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KIN 199, Chp. 2 Notes

by: Taylor Fendley

KIN 199, Chp. 2 Notes KIN 199

Taylor Fendley

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KIN 199 detailed notes for chapter 2
Ecol Appr Hlth & Fitness
Colleen Geary
Class Notes
KIN 199, health and wellness, colleen geary, chapter 2
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This 7 page Class Notes was uploaded by Taylor Fendley on Tuesday February 16, 2016. The Class Notes belongs to KIN 199 at University of Alabama - Tuscaloosa taught by Colleen Geary in Winter 2016. Since its upload, it has received 20 views. For similar materials see Ecol Appr Hlth & Fitness in Kinesiology at University of Alabama - Tuscaloosa.


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Date Created: 02/16/16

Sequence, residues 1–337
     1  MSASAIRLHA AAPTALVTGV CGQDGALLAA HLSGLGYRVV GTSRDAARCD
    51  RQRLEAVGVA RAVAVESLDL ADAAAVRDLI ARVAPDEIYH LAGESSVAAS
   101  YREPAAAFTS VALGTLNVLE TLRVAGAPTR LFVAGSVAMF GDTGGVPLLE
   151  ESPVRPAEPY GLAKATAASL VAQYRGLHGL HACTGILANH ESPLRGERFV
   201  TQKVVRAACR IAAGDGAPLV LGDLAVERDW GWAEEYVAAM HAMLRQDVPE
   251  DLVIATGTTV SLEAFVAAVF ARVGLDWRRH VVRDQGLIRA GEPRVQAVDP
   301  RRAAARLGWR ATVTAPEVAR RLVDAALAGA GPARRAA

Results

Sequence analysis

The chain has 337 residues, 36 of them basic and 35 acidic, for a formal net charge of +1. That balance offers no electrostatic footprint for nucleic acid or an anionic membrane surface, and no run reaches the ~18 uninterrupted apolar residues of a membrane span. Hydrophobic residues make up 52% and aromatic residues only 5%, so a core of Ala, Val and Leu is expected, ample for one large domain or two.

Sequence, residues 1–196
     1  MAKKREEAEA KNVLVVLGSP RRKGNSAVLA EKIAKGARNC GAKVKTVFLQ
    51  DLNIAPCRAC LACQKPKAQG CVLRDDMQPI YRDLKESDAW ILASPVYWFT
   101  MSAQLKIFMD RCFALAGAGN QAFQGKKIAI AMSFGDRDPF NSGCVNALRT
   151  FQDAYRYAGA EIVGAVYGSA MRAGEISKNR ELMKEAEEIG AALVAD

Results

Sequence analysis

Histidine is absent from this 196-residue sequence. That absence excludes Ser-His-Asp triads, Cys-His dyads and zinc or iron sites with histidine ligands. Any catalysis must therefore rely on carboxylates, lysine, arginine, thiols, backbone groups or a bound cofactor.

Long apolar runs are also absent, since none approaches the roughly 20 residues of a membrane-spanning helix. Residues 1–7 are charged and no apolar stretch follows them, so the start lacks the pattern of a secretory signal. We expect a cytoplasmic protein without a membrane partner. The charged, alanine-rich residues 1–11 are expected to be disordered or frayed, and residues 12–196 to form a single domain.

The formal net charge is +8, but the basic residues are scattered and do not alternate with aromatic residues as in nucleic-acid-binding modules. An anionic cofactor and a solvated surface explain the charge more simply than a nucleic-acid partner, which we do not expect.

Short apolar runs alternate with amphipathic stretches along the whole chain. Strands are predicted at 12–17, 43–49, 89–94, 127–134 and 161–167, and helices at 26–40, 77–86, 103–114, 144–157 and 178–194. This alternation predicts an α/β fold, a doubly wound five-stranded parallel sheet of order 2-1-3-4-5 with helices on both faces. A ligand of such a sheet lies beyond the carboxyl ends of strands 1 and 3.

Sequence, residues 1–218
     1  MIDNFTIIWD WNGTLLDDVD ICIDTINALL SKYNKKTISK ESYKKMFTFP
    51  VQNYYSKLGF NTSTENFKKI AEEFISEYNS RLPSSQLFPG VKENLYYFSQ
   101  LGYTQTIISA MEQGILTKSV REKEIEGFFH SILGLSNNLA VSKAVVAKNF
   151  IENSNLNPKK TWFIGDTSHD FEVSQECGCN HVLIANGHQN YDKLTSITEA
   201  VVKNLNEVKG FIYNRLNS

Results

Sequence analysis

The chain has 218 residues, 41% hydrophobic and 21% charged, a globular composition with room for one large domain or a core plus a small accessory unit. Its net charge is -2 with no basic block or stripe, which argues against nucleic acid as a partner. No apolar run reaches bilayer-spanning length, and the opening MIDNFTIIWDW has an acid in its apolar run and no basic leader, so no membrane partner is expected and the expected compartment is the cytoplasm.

Chapter Two Principles of Physical Fitness Physical activity: body movement carried out by the skeletal muscles that requires energy Exercise: planned, structured, repetitive movement intended to improve of maintain physical fitness 1. Physical Activity and Exercise a. Levels of physical activity have declined in recent years and remain low for all Americans b. The Centers of Disease Control and Prevention (CDC) reported the following: i. 62% participate in some leisure activity ii. 38% are physically inactive iii. Of those that exercise, only 12% exercise at least 5 times per week at an intensive level iv. 80% of Americans with graduate degrees exercise compared to only 40% of high school dropouts c. Levels of fitness depend on the following i. Your heart’s ability to pump blood ii. Size of your muscle fibers d. Only exercise will significantly improve fitness i. Physical activity will help you be healthy, but not improve your fitness e. Your heart rate (HR) is beats/minute i. A decreased resting heart rate is a good thing f. Your stroke volume (SV) is blood/beat g. Your cardiac output (Q) = HR * SV i. Or blood/minute ii. In order for your cardiac output to be balance, a decreasing heart rate must be matched by an increasing stroke volume h. Adults should do at least 150 minutes (or 2 hours and 30 minutes) a week of moderate-intensity, or 75 minutes (1 hour and 15 minutes) a week of vigorous- intensity aerobic physical activity, or an equivalent combination of both i. As reported by the U.S. department of Human Services (2008) ii. Moderate physical activity= brisk walking, dancing, cycling, yard work iii. If you can sing a song or carry on a conversation while performing the activity, it is light-intensity iv. Vigorous physical activity causes rapid breathing and a substantial increase in heart rate v. Doubling your daily exercise to just an hour a day promotes more extensive health benefits vi. Adults should also do muscle-strengthening activities that are moderate or high intensity and involve all major muscle groups on 2 or more days of the week to provide additional health benefits 1. Physical fitness requires more intense movement that poses a substantially greater challenge to the body vii. Fit people have more energy and better body control 1. Any increase in physical activity will contribute to your health and well-being now and in the future i. The Physical Activity Guidelines for Americans states: i. Regular physical activity reduces the risk of many adverse health outcomes ii. Most health benefits occur with at least 150 mins (2.5 hrs) a week of moderate-intensity physical activity 2. Health-Related Components of Physical Fitness a. Health-related fitness includes cardiorespiratory endurance, muscular strength, muscular endurance, flexibility and body composition b. Health-related fitness helps you withstand physical challenges and protects you from diseases Health-related fitness: The 5 physical capacities that contribute to health c. Cardiorespiratory Endurance i. The ability to perform prolonged, large-muscle, dynamic exercise at moderate to high levels of intensity ii. Depends on: 1. The ability of the lungs to deliver oxygen from the environment to the bloodstream 2. The capacity of the heart to pump blood 3. The ability of the nervous system and blood vessels to regulate blood flow 4. The capability of the cells’ chemical systems to use oxygen and process fuels for exercise iii. When cardiorespiratory fitness is low, the heart has to work hard during normal daily activities and may not be able to work hard enough to sustain high-intensity physical activity when needed iv. As cardiorespiratory fitness improves: 1. The heart pumps more blood per heartbeat 2. Resting heart rate slows down 3. Blood volume increases 4. Blood supply to tissues improves 5. The body can cool itself more efficiently 6. Resting blood pressure decreases 7. Metabolism in skeletal muscle is enhanced, which improves fuel use 8. Resistance and aerobic training increases the level of antioxidant chemicals in the body and lowers oxidative stress v. Endurance training also improves the functioning of the body’s chemical systems, particularly in the muscles and liver vi. You can develop cardiorespiratory endurance through activities that involve continuous, rhythmic movements of large-muscle groups 1. Such as the legs 2. The most important aspect because it strengthens the heart d. Muscular Strength i. The amount of force a muscle can produce with a single maximum effort ii. Depends on: 1. The size of muscle cells 2. The ability of nerves to activate muscle cells iii. Greater muscle mass means a higher rate of metabolism and faster energy use 1. Also reduces markers of oxidative stress and maintains mitochondria, both of which are important for metabolic health and longevity iv. Older people tend to experience a decrease in both number and size of muscle cells, a condition called sarcopenia 1. Many of the remaining muscle cells become slower, and some become nonfunctional v. Strength training (resistance/weight training) increases antioxidant enzymes and lowers oxidative stress 1. Also helps maintain muscle mass and function and possibly helps decrease the risk of osteoporosis (bone loss) in older people e. Muscular Endurance i. The ability to resist fatigue and sustain a given level of muscle tension— that is, to hold a muscle contraction or to contract a muscle over and over again ii. Depends on: 1. The size of the muscle cells 2. The ability of muscles to store fuel 3. The blood supply to muscles iii. Important for good posture and for injury prevention iv. Helps people cops with daily physical demands and enhances performance in sports and work f. Flexibility i. The ability to move the joints through their full range of motion ii. Depends on: 1. Joint structure 2. The length and elasticity of connective tissue 3. Nervous system activity iii. Inactivity causes the joints to become stiffer with age 1. Eventually causes people to assume unnatural body postures that can stress joints and muscles iv. Stretching exercises can help ensure a healthy range of motion for all major joints g. Body Composition i. Refers to the proportion of fat and fat-free mass (muscle, bone and water) in the body ii. Involves a high proportion of fat-free mass and ac acceptably low level of body fat, adjusted for age and gender iii. The only one that cannot be changed by itself iv. Ectomorph 1. Light build with small joints and lean muscle 2. Long thin limbs with stringy muscles 3. Shoulders tend to be thin with little width 4. Delicate frame, flat chest, fast metabolism, hard to gain weight v. Mesomorph 1. Large bone structure and muscles 2. Naturally athletic physique 3. Can easily gain and lose weight 4. Rectangular-shaped body vi. Endomorph 1. Solid and generally soft and round body 2. Gains fat very easily and finds it hard to lose 3. Short build with thick arms and legs 4. Muscles strong, especially the upper legs 5. Slow metabolism vii. Body Shapes 1. Apple a. Distribution of body fat stored in upper regions of body, particularly in abdominal area b. Worse body shape to have than a pear 2. Pear a. Distribution of body fat stored in lower regions of body, particularly in hips, butt, and thighs 3. Skill (Neuromuscular) - Related Components of Fitness a. Speed i. The ability to perform a movement in a short period of time b. Power i. The ability to exert force rapidly, based on a combination of strength and speed c. Agility i. The ability to change the position of the body quickly and accurately d. Balance i. The ability to maintain equilibrium while moving or while stationary e. Coordination i. The ability to perform motor tasks accurately and smoothly using body movements and the senses f. Reaction and Movement Time i. The ability to respond and react quickly to a stimulus g. Skill-related fitness tends to be sport-specific, and is best developed through practice 4. Adaptation to Stress a. The human body is very adaptable b. Exercise is innately dangerous as it is a huge stress on the body, but the benefits outweigh the risks c. The greater the demand is imposed on the body, the more adjustments are needed to make to meet these demands d. The goal of physical training is to produce long-term adaptations and improvements in the body’s functioning Physical training: the performance of different types of activities that cause the body to adapt and improve its level of fitness e. The basic principles of physical training include specificity, progressive overload, reversibility, and individual differences f. Specificity i. The training principle that the body adapts to the particular type and amount of stress placed on it ii. Applies to the skill-related fitness components and to the different parts of the body g. Progressive Overload i. When the amount of exercise (also caller overload, or stress) is increased progressively, fitness continues to improve ii. The amount of overload is important, because too little will not have much effect on fitness levels 1. For every type of exercise, there’s a training threshold at which fitness benefits begin to occur, a zone within which maximum fitness benefits occur, and an upper limit of safe training iii. Progression is critical because fitness increases only if the volume and intensity of the workouts increase iv. FTIT Principle 1. The four dimensions that outline the amount of overload needed to maintain or improve a particular level of fitness 2. F—frequency a. How often b. 3-5 days per week for cardiorespiratory endurance, and 2 or more days per week for resistance and flexibility training is recommended 3. I—intensity a. How hard b. Benefits occur when a person exercises harder than his or her normal level of activity 4. T—time a. How long b. For cardiorespiratory endurance, 20-60 mins is recommended c. 20-30 mins for high-intensity d. 45-60 mins for moderate-intensity 5. T—type a. Mode of activity h. Reversibility i. Fitness improvements are lost when demands on the body are lowered ii. When a person stops exercising, up to 50% of fitness improvements are lost within 2 months iii. Strength fitness is more resilient than cardiovascular and cellular fitness i. Individual Differences i. People respond to training at different rates, and there are limits on the adaptability of any human body 1. A program that works for one person may not be right for another person ii. Scientists have identified specific genes that influence body fat, strength, and endurance 5. Designing Your Own Exercise Program a. A plan helps you make gradual but steady progress toward your goals b. Get medical clearance i. People of any age who are not at high-risk for serious health problems can safely exercise at a moderate intensity ii. Exercise stress test iii. Graded exercise test c. Assess yourself and set goals d. Choose activities for a balance program i. Cardiorespiratory endurance is developed by continuous rhythmic movement of large-muscle groups ii. Muscular strength and endurance is developed through resistance training iii. Flexibility is developed by stretching the major muscle groups regularly and using proper technique iv. Healthy body composition is developed through sensible diet and regular exercise 6. Guidelines for Training a. Train the way you want your body to change b. Train regularly c. Start slowly and progress gradually i. Beginning phase: the body adjusts to the new type and level of activity ii. Progress phase: fitness increases iii. Maintenance phase: the targeted level of fitness is sustained over the long term iv. Overtraining results in decreased physical performance, and aching muscles and joints d. Warm up before exercise, and cool down after e. Get rest and cycle the intensity of your workouts f. Track your progress and maintain